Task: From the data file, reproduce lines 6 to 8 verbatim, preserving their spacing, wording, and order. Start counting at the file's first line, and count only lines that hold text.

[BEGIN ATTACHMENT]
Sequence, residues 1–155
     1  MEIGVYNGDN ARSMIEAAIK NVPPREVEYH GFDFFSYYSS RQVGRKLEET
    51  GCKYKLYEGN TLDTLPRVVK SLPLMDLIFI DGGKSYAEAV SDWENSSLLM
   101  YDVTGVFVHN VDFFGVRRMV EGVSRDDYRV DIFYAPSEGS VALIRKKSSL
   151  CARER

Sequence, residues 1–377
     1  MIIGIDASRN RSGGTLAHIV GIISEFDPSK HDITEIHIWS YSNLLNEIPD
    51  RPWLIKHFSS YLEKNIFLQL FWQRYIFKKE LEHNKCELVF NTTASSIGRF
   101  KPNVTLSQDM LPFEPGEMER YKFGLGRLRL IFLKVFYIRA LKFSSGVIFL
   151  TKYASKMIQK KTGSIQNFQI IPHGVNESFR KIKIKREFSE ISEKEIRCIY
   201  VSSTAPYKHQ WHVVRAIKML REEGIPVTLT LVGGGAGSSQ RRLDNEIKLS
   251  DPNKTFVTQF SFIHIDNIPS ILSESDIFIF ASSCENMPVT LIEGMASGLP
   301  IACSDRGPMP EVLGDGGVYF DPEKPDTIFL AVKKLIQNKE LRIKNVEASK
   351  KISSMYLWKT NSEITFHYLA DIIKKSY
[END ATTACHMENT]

Sequence, residues 1–377
     1  MIIGIDASRN RSGGTLAHIV GIISEFDPSK HDITEIHIWS YSNLLNEIPD
    51  RPWLIKHFSS YLEKNIFLQL FWQRYIFKKE LEHNKCELVF NTTASSIGRF